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Finding Funny

Teaching aspiring playwrights the key points to writing humour was the workshop by actor Rakesh Bedi in the city

Published: 14th November 2014 06:10 AM  |   Last Updated: 14th November 2014 06:10 AM   |  A+A-

actor-Rakesh

HYDERABAD: Being a writer  is a challenging job; add writing humour to it, and it becomes even more exacting. “But not everybody can be a comic writer, one should also have a flair for it.” This was one of the many points highlighted by well-known comedian/actor Rakesh Bedi who is best known for his role in films like Chasme Buddoor and the serial Yeh Jo Hai Zindagi.

The actor was in town conducting a workshop on writing comedy as part of the ongoing Qadir Ali Baig theatre festival at Salarjung Museum on Thursday.

“An artist always wants to do something unusual and one must progress with time, create new ideas and walk the uncharted paths. That is how you grow and write from your experiences. Comedy writing is an in-built craft. One must have the flair, sense of humour and a bit of cranky, mad tangent in one’s personality to master the art of comedy writing,” said Rakesh.

With a career spanning over 40 years, the talented actor also shared his secret mantra behind successful humour writing. He revealed, “The basic ingredients of comedy writing are plot, character sketch and the timing. A thin plot with a lot of jokes will not work against a good plot with jokes. The middle part forms the most difficult and the crux of the play for it leads the story to the climax. Screen time is extremely precious and humour will wait for no man; for the beauty of humour lies in the sense of timing.” Comedy is a strong medium of expression and is not everyone’s cup of tea. Comedy must always be bright and spontaneous. “The art of any skill ceases to exist after a point of time, craft alone takes it further and art and craft always go hand in hand,” added the actor.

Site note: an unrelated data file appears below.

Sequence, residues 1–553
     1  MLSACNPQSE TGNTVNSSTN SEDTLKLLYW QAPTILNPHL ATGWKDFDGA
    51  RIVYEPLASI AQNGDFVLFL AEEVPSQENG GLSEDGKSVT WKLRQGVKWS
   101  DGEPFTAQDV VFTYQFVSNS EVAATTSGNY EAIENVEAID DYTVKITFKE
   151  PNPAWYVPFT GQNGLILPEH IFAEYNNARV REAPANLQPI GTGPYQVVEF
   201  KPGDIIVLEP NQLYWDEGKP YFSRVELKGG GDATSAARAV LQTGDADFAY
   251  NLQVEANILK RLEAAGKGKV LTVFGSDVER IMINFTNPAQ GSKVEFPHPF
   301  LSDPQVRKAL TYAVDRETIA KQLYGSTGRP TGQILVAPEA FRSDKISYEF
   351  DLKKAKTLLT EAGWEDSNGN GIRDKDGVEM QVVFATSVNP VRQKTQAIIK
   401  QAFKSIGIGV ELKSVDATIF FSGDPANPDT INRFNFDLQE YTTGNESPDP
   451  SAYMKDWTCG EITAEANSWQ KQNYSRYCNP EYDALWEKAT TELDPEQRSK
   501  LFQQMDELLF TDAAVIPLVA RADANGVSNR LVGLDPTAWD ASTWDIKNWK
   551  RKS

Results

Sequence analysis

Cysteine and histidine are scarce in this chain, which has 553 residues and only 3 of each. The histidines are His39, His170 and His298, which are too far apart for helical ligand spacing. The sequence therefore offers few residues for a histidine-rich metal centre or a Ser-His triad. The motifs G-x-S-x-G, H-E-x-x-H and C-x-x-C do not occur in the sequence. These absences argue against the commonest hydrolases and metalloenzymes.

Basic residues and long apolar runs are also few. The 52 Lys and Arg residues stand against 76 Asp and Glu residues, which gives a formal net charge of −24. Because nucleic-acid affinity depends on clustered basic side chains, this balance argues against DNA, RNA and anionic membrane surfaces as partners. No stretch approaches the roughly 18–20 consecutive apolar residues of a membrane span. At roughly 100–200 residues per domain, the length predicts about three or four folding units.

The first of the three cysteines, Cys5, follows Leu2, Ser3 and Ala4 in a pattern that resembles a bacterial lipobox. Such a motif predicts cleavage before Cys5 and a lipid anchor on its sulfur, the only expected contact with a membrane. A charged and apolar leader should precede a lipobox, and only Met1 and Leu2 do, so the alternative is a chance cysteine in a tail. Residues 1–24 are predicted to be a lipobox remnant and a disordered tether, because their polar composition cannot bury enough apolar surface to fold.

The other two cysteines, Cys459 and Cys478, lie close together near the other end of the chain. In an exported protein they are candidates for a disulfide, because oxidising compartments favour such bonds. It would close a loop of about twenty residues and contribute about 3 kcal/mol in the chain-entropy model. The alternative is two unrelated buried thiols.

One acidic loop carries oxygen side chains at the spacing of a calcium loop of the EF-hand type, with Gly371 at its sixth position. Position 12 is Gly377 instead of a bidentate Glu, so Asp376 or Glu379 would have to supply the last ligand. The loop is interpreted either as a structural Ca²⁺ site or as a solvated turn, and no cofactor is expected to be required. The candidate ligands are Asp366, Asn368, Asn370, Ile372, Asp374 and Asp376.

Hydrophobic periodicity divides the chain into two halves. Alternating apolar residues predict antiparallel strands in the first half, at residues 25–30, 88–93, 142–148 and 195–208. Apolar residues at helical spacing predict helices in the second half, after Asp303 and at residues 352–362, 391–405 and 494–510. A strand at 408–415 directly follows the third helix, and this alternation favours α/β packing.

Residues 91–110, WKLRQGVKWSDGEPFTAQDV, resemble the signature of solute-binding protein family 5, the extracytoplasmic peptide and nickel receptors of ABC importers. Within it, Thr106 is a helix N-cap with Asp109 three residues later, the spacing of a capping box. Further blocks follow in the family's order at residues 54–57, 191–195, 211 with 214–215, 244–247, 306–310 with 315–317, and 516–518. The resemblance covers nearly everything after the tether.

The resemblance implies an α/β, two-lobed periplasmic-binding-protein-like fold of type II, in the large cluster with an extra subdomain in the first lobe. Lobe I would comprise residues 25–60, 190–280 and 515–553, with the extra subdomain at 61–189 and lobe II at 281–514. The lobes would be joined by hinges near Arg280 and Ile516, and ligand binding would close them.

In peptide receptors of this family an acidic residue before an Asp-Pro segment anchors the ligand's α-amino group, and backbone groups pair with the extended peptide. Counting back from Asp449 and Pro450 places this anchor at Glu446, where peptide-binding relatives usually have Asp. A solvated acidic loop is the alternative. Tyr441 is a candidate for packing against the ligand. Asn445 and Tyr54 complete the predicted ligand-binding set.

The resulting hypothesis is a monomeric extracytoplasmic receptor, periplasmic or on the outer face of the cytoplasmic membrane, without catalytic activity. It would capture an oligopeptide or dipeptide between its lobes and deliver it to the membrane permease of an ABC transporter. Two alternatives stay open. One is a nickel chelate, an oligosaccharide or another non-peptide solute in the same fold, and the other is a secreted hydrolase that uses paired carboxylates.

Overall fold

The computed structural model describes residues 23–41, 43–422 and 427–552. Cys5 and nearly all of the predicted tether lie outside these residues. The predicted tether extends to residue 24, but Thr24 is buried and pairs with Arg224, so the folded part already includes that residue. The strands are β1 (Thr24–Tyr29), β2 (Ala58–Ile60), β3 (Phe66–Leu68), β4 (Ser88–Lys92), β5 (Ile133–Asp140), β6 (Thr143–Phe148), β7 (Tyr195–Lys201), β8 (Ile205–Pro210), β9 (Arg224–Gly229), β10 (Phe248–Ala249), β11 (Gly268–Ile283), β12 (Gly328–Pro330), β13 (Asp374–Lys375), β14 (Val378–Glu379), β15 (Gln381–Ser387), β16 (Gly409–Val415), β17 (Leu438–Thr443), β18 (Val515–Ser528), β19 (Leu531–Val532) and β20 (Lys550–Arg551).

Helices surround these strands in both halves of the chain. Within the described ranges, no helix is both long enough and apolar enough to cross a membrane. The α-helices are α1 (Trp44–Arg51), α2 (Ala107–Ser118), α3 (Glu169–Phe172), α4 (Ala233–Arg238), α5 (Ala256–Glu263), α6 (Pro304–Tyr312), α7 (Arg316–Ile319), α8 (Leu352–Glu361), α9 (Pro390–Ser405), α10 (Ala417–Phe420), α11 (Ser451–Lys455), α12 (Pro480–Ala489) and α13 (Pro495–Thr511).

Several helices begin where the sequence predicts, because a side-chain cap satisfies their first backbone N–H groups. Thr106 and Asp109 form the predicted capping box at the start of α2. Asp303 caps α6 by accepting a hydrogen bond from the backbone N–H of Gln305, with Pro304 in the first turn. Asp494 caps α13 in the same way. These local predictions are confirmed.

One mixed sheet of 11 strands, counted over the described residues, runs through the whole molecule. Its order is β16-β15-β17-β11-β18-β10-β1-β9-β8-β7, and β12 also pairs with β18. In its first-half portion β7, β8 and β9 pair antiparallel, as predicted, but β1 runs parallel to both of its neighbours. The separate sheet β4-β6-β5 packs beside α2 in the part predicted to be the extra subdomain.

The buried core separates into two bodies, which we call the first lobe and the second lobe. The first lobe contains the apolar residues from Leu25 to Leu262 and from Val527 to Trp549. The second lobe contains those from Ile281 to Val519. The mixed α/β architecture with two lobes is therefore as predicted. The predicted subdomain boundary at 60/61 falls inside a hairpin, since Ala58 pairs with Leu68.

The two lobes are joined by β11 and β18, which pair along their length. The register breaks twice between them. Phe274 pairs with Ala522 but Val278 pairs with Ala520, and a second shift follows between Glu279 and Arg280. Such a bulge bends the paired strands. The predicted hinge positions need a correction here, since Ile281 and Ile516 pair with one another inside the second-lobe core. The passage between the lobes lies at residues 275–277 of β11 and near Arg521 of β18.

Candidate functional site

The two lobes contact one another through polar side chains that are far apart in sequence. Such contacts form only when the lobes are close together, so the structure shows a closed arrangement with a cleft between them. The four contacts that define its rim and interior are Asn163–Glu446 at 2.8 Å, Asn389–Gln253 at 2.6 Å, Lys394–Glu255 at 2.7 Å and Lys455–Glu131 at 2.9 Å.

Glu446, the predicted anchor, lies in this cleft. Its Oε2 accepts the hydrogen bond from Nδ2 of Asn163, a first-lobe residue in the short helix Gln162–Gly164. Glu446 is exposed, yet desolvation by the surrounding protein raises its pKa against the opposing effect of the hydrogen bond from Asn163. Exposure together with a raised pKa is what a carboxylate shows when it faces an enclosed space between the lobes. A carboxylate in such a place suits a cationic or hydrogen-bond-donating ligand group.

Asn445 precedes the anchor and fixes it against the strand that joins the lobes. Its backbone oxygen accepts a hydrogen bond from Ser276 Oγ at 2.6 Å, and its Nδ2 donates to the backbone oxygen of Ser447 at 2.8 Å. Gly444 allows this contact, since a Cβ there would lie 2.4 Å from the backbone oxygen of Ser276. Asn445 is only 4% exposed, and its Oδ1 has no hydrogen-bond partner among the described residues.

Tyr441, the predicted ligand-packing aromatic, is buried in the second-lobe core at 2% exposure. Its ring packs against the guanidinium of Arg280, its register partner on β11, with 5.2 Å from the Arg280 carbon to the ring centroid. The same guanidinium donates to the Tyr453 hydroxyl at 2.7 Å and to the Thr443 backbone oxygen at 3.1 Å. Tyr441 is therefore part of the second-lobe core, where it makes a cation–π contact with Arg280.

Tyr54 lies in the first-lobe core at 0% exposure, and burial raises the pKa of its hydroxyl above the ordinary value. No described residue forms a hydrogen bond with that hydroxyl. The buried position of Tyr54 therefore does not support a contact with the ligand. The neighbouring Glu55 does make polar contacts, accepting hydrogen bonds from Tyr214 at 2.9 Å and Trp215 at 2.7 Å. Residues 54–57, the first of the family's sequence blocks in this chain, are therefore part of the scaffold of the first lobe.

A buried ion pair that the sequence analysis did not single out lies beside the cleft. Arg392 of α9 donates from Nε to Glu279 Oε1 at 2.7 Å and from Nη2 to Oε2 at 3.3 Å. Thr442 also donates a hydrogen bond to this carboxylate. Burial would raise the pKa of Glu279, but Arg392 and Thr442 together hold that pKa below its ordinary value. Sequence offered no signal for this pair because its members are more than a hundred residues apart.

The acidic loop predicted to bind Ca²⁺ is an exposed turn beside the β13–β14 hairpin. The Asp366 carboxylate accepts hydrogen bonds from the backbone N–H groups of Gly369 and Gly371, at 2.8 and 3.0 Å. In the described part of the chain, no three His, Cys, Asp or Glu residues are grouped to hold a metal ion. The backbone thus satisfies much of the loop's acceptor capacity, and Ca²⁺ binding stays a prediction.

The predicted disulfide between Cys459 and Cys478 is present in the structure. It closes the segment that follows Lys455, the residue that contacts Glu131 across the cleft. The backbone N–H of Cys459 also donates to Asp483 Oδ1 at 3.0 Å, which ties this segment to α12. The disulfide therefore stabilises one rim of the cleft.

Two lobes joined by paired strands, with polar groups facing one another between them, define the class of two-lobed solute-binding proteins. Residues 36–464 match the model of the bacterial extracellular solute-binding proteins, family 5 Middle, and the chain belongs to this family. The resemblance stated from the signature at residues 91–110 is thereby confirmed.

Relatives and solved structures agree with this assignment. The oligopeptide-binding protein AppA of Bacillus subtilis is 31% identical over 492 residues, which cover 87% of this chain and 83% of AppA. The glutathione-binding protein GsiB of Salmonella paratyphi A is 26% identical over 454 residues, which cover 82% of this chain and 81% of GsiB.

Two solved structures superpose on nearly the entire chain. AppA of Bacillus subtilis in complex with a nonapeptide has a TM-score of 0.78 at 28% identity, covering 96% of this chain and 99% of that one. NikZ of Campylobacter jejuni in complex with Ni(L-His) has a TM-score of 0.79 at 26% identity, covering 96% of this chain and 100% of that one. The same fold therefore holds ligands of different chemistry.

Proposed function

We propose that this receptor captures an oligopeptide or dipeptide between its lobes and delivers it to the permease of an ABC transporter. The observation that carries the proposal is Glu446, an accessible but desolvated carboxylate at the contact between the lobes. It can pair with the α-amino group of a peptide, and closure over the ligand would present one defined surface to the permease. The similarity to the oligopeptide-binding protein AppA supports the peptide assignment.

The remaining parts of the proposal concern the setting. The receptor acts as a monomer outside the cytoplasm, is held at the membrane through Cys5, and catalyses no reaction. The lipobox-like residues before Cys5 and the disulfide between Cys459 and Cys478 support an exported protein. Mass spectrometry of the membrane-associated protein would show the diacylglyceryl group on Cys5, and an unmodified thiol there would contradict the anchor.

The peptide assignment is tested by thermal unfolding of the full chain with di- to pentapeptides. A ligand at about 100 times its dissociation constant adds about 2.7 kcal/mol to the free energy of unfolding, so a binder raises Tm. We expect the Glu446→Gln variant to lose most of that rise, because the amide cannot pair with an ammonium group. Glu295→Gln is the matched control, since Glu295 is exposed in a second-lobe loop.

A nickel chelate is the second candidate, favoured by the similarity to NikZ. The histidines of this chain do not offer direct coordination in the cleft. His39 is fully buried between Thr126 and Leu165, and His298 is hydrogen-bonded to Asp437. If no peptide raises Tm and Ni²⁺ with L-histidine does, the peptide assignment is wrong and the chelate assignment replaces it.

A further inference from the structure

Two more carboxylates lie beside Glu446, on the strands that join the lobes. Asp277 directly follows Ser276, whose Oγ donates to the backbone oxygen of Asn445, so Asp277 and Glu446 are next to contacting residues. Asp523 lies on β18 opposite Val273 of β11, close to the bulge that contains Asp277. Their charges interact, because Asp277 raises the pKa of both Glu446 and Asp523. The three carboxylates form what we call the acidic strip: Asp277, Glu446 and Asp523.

Rakkesh Bedi’s recent play Simla Coffee House has received a heightened response. “There are so many plays that are held in Hyderabad but aspiring playwrights don’t really get a chance to interact with the creators. This workshop not only provides a platform for interaction but is a celebration of theatre and writing”, said Noor Baig, writer and manager at Qadir Ali Baig.

The workshop witnessed a good turnout of young theatre enthusiasts, actors and budding comedy playwrights.

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